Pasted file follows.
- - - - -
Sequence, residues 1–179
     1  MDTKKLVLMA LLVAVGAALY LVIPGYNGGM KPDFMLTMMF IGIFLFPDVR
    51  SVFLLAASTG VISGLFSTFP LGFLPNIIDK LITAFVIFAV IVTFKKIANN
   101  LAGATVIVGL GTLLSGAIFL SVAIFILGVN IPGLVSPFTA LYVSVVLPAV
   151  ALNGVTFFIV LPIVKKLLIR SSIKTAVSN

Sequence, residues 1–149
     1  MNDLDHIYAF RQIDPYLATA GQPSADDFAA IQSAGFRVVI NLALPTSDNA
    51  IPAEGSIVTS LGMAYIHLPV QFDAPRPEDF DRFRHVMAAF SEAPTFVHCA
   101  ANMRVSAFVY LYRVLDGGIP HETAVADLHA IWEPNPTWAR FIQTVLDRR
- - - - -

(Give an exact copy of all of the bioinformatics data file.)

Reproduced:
Sequence, residues 1–179
     1  MDTKKLVLMA LLVAVGAALY LVIPGYNGGM KPDFMLTMMF IGIFLFPDVR
    51  SVFLLAASTG VISGLFSTFP LGFLPNIIDK LITAFVIFAV IVTFKKIANN
   101  LAGATVIVGL GTLLSGAIFL SVAIFILGVN IPGLVSPFTA LYVSVVLPAV
   151  ALNGVTFFIV LPIVKKLLIR SSIKTAVSN

Sequence, residues 1–149
     1  MNDLDHIYAF RQIDPYLATA GQPSADDFAA IQSAGFRVVI NLALPTSDNA
    51  IPAEGSIVTS LGMAYIHLPV QFDAPRPEDF DRFRHVMAAF SEAPTFVHCA
   101  ANMRVSAFVY LYRVLDGGIP HETAVADLHA IWEPNPTWAR FIQTVLDRR